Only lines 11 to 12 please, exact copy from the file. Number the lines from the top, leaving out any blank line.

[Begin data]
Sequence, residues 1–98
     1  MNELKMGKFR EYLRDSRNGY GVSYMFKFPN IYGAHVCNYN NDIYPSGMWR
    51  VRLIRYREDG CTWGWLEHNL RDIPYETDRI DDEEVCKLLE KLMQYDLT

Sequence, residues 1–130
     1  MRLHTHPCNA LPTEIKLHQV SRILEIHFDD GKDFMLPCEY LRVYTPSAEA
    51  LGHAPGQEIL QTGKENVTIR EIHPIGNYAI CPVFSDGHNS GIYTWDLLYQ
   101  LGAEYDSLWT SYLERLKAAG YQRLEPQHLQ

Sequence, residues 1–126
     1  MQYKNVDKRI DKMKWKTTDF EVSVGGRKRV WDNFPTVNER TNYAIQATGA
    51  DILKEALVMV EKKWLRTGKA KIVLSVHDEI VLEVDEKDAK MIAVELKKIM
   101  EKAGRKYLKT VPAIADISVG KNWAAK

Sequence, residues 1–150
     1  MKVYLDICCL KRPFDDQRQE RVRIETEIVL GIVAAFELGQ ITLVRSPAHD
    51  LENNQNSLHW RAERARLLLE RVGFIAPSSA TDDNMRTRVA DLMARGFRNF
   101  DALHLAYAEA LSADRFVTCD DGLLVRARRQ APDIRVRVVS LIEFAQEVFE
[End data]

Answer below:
   101  EKAGRKYLKT VPAIADISVG KNWAAK

Sequence, residues 1–150